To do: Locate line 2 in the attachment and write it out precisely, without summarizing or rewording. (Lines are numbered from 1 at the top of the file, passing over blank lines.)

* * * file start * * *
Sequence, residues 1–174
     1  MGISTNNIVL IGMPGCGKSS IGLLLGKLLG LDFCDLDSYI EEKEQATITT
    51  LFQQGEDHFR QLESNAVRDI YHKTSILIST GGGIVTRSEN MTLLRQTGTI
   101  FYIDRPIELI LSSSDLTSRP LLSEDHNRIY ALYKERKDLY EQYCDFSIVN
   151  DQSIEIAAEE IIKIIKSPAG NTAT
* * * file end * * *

     1  MGISTNNIVL IGMPGCGKSS IGLLLGKLLG LDFCDLDSYI EEKEQATITT